Call of Duty: Ghosts exclusive first look
COD: Ghosts unveiled at Xbox One reveal event. Plus first reveal footage.
Xbox One - all you need to know
Call Of Duty: Ghosts has been shown off at Microsoft’s Xbox One announcement event in Redmond, Washington
T3 visited the studio of developer Infinity Ward in Los Angeles earlier this month and was the first UK outlet to get an extensive "eyes on" with the technology behind the game set to kick off the Xbox One and PS4's life cycles.
Powered by a new engine, and using displacement mapping to create geometry from flat polygons and Pixar's SubD technology to smooth visuals, Ghost's next-gen visuals are suitably striking, but it's inevitably proving to be a much harder project for the team than the last Call of Duty.
"It's requiring a lot more effort on our part, yes" executive producer Mark Rubin tells T3, with a laugh. "In a console transition year, there's a lot of 'learn as you go'. We put stuff in because it sounds great on paper, but then it doesn't work out and we have to pull it.
"It's a level of complexity that takes longer and uses up more resources, so we're pulling help from other studios and outside sources. But a lot of the tech we've created in the new engine is helping to make it less work than if the artists had to do it from scratch."
The minute visual detail - from grazes on helmets to unhooked threads on uniforms to mud under nails - add a level of realism we've not seen before and is easily the first "wow" moment of the next-gen.
One level is set entirely underwater, with combat taking place amid a school of fish that moves contextually and dynamically around you. It's like the opening of Jaws 2 but with more guns.
"As a benefit of being in LA, we have access to a lot of Hollywood talent," says Rubin. "Over the last few years we've been hiring CG artists from there, guys making major motion pictures, and they brought a different idea of tech with them, and we've slowly been integrating it. With the new engine and the next-gen consoles, we can bring a lot more into the game."
With a six-times the improvement on light sources and higher particle counts, the HDR real-time lighting system gives jungle scenes vibrancy, too.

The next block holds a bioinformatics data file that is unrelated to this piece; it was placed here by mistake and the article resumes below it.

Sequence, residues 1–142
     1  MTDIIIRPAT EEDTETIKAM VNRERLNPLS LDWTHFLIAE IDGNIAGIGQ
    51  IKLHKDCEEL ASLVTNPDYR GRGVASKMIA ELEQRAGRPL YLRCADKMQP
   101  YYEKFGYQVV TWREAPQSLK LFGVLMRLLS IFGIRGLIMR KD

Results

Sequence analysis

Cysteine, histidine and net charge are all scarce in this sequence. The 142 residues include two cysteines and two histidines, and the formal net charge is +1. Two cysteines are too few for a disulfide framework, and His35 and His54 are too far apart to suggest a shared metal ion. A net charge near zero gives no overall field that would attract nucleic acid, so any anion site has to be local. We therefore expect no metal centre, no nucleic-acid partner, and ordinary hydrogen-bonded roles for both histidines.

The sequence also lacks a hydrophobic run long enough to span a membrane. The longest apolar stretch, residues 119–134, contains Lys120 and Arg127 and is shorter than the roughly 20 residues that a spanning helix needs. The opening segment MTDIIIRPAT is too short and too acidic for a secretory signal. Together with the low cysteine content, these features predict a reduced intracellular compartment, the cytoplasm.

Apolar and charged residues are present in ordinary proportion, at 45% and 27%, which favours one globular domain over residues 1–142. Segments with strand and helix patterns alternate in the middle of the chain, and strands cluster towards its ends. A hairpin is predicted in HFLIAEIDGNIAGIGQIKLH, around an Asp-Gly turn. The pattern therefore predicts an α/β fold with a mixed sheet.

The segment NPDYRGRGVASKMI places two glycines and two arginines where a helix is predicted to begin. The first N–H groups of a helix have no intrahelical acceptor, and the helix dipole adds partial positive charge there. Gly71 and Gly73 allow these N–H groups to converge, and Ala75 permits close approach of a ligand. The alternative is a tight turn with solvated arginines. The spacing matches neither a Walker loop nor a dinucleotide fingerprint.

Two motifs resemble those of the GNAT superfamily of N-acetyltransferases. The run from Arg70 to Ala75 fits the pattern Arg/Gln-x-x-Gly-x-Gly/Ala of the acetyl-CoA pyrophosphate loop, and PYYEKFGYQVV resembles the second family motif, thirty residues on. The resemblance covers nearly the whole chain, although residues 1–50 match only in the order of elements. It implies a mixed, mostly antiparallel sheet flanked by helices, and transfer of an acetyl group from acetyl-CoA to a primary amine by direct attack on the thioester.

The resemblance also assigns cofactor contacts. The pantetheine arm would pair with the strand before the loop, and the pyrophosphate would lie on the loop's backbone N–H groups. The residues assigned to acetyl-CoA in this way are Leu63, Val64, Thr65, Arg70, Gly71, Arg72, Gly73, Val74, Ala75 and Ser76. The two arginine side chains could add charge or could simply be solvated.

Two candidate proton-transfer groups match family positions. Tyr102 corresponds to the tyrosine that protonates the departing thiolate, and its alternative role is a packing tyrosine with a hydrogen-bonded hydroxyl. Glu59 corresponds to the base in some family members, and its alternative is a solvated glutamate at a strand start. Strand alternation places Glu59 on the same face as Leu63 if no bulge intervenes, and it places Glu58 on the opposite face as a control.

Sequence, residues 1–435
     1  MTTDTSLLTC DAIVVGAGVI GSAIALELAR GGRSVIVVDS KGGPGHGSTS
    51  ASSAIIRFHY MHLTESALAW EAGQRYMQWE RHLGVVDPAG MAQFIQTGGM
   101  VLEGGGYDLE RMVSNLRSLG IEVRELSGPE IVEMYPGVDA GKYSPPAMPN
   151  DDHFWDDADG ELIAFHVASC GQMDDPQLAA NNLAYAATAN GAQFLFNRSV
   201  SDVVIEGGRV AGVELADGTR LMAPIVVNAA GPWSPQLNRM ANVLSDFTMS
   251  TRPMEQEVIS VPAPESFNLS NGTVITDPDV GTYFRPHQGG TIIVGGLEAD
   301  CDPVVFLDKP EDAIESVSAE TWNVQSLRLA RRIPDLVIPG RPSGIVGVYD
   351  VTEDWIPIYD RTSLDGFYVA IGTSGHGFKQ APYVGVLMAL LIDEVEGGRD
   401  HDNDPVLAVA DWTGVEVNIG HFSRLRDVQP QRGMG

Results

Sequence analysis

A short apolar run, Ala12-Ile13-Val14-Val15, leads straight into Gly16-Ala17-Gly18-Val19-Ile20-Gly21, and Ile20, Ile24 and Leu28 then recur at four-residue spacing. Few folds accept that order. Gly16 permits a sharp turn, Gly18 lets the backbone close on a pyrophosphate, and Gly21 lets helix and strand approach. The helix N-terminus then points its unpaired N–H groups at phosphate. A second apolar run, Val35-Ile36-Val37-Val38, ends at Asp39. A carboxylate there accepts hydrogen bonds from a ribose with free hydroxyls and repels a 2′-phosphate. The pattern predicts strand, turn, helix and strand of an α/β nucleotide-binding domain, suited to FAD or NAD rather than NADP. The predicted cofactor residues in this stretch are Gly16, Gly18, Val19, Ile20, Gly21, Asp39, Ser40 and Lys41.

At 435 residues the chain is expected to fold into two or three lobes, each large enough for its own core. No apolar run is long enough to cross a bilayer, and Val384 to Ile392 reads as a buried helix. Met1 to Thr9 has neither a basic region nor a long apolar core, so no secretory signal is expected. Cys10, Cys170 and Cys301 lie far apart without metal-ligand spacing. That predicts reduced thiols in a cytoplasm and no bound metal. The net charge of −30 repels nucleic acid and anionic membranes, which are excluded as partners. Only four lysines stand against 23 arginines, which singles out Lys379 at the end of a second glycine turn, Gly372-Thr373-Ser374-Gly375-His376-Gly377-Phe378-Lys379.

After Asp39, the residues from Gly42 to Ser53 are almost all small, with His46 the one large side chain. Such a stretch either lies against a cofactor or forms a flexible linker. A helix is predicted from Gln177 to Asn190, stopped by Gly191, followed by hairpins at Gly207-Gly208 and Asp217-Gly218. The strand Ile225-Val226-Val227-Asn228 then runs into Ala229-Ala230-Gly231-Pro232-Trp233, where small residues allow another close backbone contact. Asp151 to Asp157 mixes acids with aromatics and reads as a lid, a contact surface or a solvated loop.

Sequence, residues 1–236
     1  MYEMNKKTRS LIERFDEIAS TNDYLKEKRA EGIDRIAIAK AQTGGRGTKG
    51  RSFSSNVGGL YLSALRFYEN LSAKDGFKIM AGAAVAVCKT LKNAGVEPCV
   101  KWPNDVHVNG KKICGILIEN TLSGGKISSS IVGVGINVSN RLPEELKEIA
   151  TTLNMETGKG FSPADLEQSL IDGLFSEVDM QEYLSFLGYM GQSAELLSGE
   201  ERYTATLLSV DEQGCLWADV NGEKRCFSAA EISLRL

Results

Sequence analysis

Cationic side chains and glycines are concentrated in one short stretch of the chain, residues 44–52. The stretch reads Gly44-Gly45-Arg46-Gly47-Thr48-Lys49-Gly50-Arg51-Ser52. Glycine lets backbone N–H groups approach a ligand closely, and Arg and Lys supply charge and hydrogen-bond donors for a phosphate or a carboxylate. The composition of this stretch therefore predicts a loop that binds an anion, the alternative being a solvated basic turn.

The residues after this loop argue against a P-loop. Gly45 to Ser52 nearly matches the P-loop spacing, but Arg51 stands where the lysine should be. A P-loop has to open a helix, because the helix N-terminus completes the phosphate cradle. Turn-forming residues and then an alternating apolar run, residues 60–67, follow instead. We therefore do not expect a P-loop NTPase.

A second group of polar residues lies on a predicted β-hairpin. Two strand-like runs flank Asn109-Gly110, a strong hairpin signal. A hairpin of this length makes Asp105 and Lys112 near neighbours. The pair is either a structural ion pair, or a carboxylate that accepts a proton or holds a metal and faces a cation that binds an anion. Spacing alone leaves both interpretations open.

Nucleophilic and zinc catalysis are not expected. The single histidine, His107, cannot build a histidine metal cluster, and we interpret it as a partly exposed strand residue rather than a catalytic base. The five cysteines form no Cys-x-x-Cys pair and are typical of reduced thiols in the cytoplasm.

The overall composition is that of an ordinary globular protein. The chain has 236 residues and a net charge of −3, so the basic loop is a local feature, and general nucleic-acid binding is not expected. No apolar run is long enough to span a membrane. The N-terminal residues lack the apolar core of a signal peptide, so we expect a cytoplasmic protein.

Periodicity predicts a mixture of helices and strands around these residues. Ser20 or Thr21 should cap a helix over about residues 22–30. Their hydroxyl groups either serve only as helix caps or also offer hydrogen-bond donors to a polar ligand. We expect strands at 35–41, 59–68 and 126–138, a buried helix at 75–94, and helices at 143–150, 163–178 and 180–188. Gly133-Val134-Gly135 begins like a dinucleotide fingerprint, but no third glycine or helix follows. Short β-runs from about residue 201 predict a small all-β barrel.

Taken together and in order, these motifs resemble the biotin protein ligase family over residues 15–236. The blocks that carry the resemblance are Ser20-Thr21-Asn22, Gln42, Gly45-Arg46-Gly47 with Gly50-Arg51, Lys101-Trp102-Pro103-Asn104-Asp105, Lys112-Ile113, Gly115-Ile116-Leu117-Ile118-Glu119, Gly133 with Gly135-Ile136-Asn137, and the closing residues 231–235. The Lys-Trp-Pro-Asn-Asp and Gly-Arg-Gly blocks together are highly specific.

"There's no smoke and mirrors this time round," adds Rubin. "We used to paint it in and cover up the cracks, but now it's all real-time."
The Iris Adjust tech means that looking into the sun or leaving dark cover affects your visibility, while the sub-surface scattering shader is used to filter god rays through plant leaves.
"The artists don't just throw a bunch of tech at you and say, 'Here's this great tech, have fun looking at it,'" continues Rubin. "They use it to enhance the environment and gameplay, it's all immersive. They're not just putting in the latest tech from a GDC speech so we can tick a box."
Shunning the multiple character structure of Modern Warfare and Treyarch's Black Ops series, Call of Duty: Ghosts is inspired by the Osama bin Laden-raiding Seal Team Six and focuses on a customisable single team throughout – one member of which is an attack dog.
While the title may reference the Modern Warfare character Ghost – a sly wink and no more, Rubin said – the new game is the start of an entirely new story set in a new game universe.
Stephen Gaghan, Oscar-winning writer of Traffic and Syriana, has penned the story, which is set in the present day after an "Event" has caused some kind of large-scale apocalypse. In this future setting, the USA is no longer the world's superpower.
"We've set Stephen up in an office here," said Rubin. "He plays ping pong with the guys, eats lunch and dinner here, he's become part of the team. That was totally unexpected – people normally write from home and just send us scripts."
T3 was told multiplayer will have dynamic maps and character customisation.
Call of Duty: Ghosts Revale Trailer